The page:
Losing someone to death is hard enough. But losing someone during a lockdown - when funerals are banned and not even a hug is allowed - would arguably be even more heartbreaking. The Funeral Directors Association of New Zealand has come forward with a special Covid-19 resource for families who will experience the death of a loved one in the next four weeks and what they can do to help in the grieving process.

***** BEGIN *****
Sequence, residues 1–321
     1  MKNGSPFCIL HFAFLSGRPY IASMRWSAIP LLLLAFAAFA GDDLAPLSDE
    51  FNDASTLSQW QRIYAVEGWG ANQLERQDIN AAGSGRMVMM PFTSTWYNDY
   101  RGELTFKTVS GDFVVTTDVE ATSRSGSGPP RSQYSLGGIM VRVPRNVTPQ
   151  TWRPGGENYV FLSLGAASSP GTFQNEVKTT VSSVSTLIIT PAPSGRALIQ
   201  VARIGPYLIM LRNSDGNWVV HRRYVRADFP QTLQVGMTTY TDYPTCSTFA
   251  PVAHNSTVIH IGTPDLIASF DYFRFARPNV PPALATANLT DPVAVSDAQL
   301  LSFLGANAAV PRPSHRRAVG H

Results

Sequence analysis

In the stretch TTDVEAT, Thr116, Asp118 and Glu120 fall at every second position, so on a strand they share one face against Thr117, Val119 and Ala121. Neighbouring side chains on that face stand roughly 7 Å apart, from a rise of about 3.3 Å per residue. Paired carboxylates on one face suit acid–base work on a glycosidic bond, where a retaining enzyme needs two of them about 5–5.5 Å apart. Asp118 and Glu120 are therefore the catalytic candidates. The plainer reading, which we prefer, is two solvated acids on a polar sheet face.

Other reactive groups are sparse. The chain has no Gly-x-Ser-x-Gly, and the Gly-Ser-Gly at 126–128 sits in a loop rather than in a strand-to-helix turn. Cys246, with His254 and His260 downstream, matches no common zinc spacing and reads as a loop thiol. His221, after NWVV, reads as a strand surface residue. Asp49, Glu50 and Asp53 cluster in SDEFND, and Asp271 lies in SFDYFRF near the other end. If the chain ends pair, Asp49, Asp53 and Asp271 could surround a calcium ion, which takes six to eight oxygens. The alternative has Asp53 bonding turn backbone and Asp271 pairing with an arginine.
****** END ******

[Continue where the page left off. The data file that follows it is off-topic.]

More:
Association president Gary Taylor said it was in support of bereaved families who felt extremely distressed that they could not hold a funeral, tangi or any other kind of gathering for their lost loved one. "It offers ideas gathered in from Kiwis from right around New Zealand who understand grief and recognise how painful this Covid-19 situation must be for anyone grieving a loved one's death," he said. "Our funeral directors are feeling deep concern for bereaved families and are totally committed to supporting them as best they can in this unprecedented time." In the resource, people are encouraged to speak to the funeral director who is caring for their relative; or speak with a cultural leader, church minister or priest, rabbi, Muslim cleric or other religious leader they are comfortable with. People are being told that they will have to delay any funeral or memorial service for at least the period of the four-week lockdown. Instead of a funeral service, FDANZ suggests connecting with other relatives and friends via technology - whether it be video-calling via Skype or Facetime or email and a simple phone call. Even Facebook makes the list - with the suggestion for a grieving family to make up a dedicated page where loved ones can post special memories, videos or photos of the person who has died. Eulogies could also be written via a digital memorial guest book set up by the funeral director or making up a photo board or wall in the house. Another suggestion is to publish a notice in the newspaper and including a special request to those who knew their loved one. "Perhaps make it longer by saying some of the things you loved about them and asking people to take the time to remember them at a certain time. "For example: 'Please take the time to remember [name] and the wonderful person she/he was on Friday at 3pm and pray a prayer of thanksgiving/light a candle/raise a glass/have a cup of tea in her/his honour." The FDANZ also acknowledges that there will be people who still need extra support during this time. Anyone who feels that way can call the Grief Centre about phone support services available during weekday hours on (09) 418 1457 or 0800 331 333.